(NaturalNews) Bureaucrats from the city of Chicago are scraping for ways to raise extra money to cope with burdensome deficits. Villages within city limits are strapped for cash. The projected deficit for the city of Chicago in 2014 is $339 million.
Solving budget deficits by empowering police with new fundraising methods
According to the Chicago Tribune, if Mayor Emmanuel can't find a way to close the $339 million budget gap, deficits may spike to $1 billion by 2015. With Chicago government leading the nation in irresponsible behavior, it's no surprise that they are turning to desperate measures to keep the money flowing in.
One village in Chicago enacted a plan to charge innocent people "arrest fees." This new fee of $30 is to be levied against all arrestees. This welcomes a police culture that insists on arresting more innocents to fulfill monthly quotas. Officers will be empowered with new fundraising methods. Officers will find more excuses to put cuffs on people to bring in more money for the village or city. This will cause an increase in false arrest schemes, which happen more often now than ever. Police are capable of planting false paraphernalia to intimidate and arrest innocents, hustling money from them.
Class action lawsuit challenging "arrest fees"
The arrest fee was upheld in early 2014 by a panel of judges, but a recent class action lawsuit filed by Jerry Markadonatos against the village of Woodridge challenges this idea.
Jerry states that the $30 arrest fee can be imposed regardless of probable cause, violating arrestees' due process rights.
The class action lawsuit brought discussion of the "arrest fee" back to the table. In recent oral arguments, Richard Posner, the 7th Circuit's Judge said it was "ridiculous" to charge a person simply for being arrested.
Judge Diane Wood stood up and said that innocent people could be charged.
Judges stray off course and talk about the affordability of the arrest fee
Some panel members disregarded principle altogether, straying completely off course, arguing whether or not the fee was affordable.
Judge Ann Williams asked, "Would people be entitled to a hearing at $300? Thirty dollars could be a lot of money to someone out of work."
Defense attorney Paul Rettberg retorted, "That might be a little different. In terms of society today, $30 is a very small amount."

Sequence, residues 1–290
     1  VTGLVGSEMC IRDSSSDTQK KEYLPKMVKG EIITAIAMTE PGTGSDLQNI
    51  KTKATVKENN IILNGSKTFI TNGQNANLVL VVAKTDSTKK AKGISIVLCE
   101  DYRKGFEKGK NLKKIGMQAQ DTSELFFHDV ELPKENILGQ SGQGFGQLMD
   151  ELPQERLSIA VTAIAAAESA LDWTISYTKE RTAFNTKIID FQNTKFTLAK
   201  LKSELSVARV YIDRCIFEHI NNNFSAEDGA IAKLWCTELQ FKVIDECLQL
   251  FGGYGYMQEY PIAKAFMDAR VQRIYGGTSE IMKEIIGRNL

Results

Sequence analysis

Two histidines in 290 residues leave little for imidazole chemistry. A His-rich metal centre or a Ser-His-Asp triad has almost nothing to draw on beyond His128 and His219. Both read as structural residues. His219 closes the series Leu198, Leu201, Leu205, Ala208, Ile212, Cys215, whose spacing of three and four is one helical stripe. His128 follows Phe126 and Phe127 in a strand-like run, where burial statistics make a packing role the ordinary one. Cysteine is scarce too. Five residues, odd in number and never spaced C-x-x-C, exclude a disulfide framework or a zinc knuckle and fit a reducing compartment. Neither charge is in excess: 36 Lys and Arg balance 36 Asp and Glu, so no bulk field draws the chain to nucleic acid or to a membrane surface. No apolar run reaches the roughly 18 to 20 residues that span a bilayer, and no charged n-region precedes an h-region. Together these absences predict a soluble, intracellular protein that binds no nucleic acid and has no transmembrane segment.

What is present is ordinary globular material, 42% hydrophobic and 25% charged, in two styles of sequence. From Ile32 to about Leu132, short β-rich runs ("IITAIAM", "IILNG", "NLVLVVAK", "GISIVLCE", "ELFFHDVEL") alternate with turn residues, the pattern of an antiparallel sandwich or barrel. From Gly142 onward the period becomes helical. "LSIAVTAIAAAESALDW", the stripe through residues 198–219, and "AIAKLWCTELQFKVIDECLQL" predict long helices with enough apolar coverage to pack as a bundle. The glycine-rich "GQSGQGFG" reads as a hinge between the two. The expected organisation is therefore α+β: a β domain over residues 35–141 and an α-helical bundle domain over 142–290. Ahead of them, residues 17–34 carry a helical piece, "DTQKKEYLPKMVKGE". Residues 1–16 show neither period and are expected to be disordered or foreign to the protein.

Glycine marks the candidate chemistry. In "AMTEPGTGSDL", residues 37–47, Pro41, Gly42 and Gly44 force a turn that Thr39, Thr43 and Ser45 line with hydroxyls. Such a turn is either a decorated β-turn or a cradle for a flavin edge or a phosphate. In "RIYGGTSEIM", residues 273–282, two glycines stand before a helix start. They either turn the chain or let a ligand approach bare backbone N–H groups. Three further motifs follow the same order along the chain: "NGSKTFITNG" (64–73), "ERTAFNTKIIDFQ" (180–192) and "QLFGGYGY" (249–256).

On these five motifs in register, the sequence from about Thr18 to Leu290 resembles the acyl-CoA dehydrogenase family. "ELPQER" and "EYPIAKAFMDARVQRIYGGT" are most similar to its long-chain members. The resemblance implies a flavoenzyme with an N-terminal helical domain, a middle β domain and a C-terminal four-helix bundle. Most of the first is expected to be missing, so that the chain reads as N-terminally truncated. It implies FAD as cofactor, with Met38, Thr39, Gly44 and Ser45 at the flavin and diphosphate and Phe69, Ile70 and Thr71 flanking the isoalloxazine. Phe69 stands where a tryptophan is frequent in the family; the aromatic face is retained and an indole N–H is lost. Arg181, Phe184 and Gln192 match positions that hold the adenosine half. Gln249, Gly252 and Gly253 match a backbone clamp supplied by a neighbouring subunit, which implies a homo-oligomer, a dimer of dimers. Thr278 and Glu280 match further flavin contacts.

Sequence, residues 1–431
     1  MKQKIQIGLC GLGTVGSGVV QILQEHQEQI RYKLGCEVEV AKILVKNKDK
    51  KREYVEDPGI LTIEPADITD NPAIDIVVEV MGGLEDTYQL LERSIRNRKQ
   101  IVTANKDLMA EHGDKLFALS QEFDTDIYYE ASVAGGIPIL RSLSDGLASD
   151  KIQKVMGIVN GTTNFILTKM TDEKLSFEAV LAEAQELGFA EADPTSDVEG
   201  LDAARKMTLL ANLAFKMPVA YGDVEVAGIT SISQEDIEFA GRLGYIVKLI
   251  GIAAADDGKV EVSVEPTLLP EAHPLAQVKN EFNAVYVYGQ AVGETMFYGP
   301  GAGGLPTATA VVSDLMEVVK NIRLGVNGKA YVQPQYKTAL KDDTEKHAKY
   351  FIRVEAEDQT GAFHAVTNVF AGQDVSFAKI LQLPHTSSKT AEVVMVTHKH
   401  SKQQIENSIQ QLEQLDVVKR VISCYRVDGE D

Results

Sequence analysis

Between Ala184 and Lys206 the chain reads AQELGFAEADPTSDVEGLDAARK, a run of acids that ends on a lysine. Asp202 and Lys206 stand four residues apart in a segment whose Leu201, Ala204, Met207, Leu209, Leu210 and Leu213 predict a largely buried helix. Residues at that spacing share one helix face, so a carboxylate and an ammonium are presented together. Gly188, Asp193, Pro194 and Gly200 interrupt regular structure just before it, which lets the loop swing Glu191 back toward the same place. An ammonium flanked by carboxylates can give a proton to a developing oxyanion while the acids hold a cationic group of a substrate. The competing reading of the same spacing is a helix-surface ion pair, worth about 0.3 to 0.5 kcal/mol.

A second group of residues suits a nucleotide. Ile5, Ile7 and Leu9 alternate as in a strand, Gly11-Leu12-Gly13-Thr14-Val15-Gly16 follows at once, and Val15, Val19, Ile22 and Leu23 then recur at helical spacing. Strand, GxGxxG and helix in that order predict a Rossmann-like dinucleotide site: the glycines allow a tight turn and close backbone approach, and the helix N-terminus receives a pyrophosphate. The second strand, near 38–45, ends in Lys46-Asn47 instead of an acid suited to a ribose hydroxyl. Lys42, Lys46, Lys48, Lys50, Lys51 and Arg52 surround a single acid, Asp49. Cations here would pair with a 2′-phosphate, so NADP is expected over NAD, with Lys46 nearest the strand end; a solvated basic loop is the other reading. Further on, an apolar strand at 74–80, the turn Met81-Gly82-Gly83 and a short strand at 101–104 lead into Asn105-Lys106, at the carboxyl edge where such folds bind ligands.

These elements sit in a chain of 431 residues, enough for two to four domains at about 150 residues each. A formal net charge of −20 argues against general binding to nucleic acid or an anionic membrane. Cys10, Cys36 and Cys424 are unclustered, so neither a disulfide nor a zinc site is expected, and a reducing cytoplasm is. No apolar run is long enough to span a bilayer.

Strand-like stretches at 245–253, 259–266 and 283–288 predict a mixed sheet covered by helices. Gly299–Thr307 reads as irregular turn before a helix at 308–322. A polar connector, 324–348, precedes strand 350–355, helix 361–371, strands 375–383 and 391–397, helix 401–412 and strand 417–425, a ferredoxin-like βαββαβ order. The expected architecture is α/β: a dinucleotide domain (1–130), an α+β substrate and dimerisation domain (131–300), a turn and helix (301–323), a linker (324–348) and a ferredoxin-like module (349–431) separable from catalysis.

One judge couldn't believe that the discussion was even taking place; more than once, the judge asked "why we're here," which provoked laughter in the courtroom.
Plaintiff's attorney sets the record straight
The plaintiff's attorney, James Burnham, made it clear when he said, "there's a fundamental right to be free from arbitrary governmental action as it relates to property."
Judge Frank Easterbrook looked at Burnham and said he was "making a mockery" of Supreme Court precedent, stating that a substantive due process is violated only when a fundamental right is violated.
But Judge Posner backed up the plaintiff's attorney, stating, "There's no basis for charging a person to be arrested. Arrest is not a privilege. Paying for being arrested is ridiculous."
Posner also sympathized with the ordinance and described the "arrest fee" as being similar to a bail or bond fee. "What's frustrating to me is that neither side is discussing the bond aspect. If it applies only to bond, what's the big deal? Can't a fee be charged for bail or bond? It's a service," said Posner.
Judge Diane Sykes asked the plaintiff's attorney (Burnham) why a town could "impose a fee for impounding a dog or cat" given that "lots of fees are imposed without hearings."
Burnham responded and got straight to the point: "You choose to have a dog. Arrest is unique in that the government can arrest you at any time. A fee cannot be imposed for the naked fact of arrest."